The Terriers held a late lead in the third period, but gave up a goal with under three minutes left in the game, as Katelyn Rae tied it. Merrimack outplayed the Terriers in the third, and outshot them, 10-7, so it’s not like the Warriors just got a lucky bounce. The overtime was pretty evenly played. Merrimack will be a tough opponent this year, and I think the bottom of Hockey East, sans Holy Cross, will be very competitive for the final playoff spot.

If BU isn’t possibly the challenger it was, Maine is off to a quick start and is in position to take up that spot. The Black Bears are 4-0. We can’t learn too much from their whitewash of Sacred Heart, but they did sweep Quinnipiac the weekend before.

Speaking of Sacred Heart, those two crushing losses made me think more about the NEWHA. Sacred Heart won the NEWHA last year, beating Holy Cross and St. Anselm en route. However, the Pioneers lost two 8-0 decisions to Maine, after the prior work beating conference opponent Post, 6-0 and 7-1. Last weekend, Franklin Pierce beat Post, 9-0 and 5-0. With Long Island University slated to join the conference, the NEWHA can qualify for an autobid, but I don’t think personally its in the interests of those teams, and it certainly isn’t in the interests of the other teams fighting for the tournament. Those teams will kill the PairWise for any team playing them, so there’s no incentive to play them. It won’t do anything for them competitively either. Sacred Heart played one series against Brown last year, getting a split. Prior to the series with Brown, they hadn’t played a D-I series since getting crushed by Yale a few years ago.

At least the Pioneers have scheduled D-I teams. None of the other conference teams have, and I have to wonder how they will do given some of those goal disparities. Do you have any more thoughts on the NEWHA and trying for a conference autobid?

Nicole: I understand the argument that any hockey is good hockey and this means more scholarships, but I’m not sold. If nothing else, I don’t love the optics of numerous blowouts for women’s hockey as a whole. Some folks have said that more programs and the autobid will convince other schools to add women’s hockey, but I’m not necessarily that optimistic. I don’t see how anyone looks at the blowout scores and think positive thoughts. Getting people to buy in on women’s hockey has always been a fight, and we continue to see folks calling for it to be pulled from the Olympics every time there are too many lopsided games. We know what the prevailing attitude is about women’s hockey. Signing up for all these blowouts feels like an unnecessary feeding of those trolls and their perceptions.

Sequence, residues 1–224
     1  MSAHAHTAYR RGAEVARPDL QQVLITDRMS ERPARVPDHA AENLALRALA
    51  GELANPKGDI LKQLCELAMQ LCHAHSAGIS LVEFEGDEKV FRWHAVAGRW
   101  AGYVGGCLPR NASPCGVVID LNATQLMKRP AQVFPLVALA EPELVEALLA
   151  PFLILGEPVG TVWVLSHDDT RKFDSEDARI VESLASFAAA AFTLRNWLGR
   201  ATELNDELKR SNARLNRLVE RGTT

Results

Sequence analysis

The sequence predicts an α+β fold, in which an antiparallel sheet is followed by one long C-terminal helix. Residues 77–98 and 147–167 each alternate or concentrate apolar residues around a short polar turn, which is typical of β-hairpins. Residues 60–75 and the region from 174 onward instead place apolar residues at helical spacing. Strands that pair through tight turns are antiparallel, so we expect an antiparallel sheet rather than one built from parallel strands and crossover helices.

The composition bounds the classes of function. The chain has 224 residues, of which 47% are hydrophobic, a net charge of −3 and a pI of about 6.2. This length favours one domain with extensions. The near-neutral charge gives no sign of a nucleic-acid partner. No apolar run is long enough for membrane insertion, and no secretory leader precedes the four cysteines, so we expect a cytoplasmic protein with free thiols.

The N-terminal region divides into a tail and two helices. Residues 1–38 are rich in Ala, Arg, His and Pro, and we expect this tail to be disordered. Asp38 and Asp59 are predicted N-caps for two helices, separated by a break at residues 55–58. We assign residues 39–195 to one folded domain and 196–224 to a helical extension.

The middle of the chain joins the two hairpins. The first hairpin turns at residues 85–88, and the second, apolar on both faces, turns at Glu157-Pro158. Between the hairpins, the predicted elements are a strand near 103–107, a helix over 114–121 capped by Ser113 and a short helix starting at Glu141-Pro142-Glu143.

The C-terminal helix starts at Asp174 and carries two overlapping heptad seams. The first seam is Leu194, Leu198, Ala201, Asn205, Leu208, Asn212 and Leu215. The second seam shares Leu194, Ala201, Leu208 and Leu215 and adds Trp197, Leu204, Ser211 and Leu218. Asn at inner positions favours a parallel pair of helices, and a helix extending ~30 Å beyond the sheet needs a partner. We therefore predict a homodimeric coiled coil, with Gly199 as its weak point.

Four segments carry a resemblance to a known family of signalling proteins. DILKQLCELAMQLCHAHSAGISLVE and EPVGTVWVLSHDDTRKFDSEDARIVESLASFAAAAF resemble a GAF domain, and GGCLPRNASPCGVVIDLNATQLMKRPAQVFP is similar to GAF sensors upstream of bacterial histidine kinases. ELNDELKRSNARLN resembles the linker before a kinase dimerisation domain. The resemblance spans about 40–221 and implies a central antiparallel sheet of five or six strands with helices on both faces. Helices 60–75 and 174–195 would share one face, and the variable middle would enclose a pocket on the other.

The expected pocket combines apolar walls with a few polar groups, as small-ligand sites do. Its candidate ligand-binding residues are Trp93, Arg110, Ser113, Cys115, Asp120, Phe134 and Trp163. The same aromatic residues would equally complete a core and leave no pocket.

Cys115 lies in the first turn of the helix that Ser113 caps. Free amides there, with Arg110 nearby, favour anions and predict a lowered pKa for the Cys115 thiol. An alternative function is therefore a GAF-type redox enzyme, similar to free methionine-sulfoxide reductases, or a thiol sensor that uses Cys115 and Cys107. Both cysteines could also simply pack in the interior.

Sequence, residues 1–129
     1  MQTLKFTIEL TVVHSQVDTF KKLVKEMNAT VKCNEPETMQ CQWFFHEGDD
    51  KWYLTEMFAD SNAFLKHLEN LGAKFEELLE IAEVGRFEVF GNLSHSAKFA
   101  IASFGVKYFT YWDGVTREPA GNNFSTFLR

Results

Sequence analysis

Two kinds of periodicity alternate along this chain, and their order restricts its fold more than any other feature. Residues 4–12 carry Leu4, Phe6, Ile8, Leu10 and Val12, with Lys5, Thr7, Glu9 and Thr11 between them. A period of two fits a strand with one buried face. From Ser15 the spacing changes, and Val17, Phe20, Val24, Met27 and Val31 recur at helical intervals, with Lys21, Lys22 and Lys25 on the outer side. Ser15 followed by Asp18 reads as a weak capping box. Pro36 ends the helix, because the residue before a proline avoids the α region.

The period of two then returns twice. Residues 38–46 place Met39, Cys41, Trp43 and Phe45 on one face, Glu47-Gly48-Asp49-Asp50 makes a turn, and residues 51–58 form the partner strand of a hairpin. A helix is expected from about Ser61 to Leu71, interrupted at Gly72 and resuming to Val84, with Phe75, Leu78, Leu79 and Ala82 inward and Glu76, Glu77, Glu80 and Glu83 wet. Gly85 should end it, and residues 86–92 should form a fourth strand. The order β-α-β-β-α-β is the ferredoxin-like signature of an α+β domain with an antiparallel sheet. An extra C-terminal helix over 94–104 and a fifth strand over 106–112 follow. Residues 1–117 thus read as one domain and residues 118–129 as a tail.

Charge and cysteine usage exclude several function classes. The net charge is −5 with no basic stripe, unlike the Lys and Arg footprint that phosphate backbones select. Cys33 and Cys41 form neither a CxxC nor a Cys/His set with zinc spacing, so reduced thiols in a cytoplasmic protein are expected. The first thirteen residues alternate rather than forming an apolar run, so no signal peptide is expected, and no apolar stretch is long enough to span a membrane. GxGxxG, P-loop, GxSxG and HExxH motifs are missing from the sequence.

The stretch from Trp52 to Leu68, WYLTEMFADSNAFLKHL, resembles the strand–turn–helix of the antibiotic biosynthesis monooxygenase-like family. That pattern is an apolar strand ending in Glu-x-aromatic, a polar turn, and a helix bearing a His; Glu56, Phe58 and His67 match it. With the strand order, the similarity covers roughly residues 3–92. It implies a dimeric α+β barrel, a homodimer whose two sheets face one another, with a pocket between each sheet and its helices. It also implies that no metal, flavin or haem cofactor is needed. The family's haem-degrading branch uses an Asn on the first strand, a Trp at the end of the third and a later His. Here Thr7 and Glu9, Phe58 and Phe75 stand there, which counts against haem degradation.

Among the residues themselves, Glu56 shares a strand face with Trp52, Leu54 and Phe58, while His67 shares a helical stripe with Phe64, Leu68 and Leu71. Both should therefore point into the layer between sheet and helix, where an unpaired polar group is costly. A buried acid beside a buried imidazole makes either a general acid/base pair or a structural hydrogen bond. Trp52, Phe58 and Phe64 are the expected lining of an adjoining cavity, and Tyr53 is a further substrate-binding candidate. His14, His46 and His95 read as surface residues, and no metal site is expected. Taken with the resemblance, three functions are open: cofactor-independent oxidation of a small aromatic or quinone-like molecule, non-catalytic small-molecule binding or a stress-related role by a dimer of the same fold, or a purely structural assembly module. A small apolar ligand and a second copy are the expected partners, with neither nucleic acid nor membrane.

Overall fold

Though we continue to see the growth of girls youth hockey enrollment numbers, we’re not at a point right now where the pool of players is deep enough to competitively fill all the rosters — D-I, D-II or D-III — that we have. It may be a chicken or the egg argument, but I’d rather see the advancement of the programs already in existence before spreading that pool even thinner. There’s an argument that more schools means more exposure and therefore more youth players, but since all these schools are grouped in the Northeast, that point holds less water with me.

I’ve said I’m skeptical about expansion, but it may be inevitable and if that’s the case, I’d like to see more schools and programs in under-represented areas. If the NEWHA and the autobid mean we might see schools in Colorado or Arizona or Michigan look into starting a program with an eye toward doing what the NEWHA schools have done, then the growing pains are obviously worth it. Adding more schools in an area already saturated with programs doesn’t leave me feeling like there are greater or better opportunities for women’s hockey players.

I’m being fairly pessimistic about the whole thing. What are your thoughts on the idea of expansion when we’re in the 20th year of women’s hockey as a sanctioned NCAA sport?

Candace: That’s a loaded question in some ways, but I tend to agree with you. What I find interesting is how some of these schools are approaching hockey in the men’s game. Post is a D-II independent, and Saint Michael’s, St. Anselm, and Franklin Pierce are all D-II in the Northeast-10. Long Island University Brooklyn is the school adding a D-I women’s team, but they have not decided to do so for men’s hockey in any division. LIU Post and LIU Brooklyn can obviously play as rivals, but the rest of the geography is pretty spread out.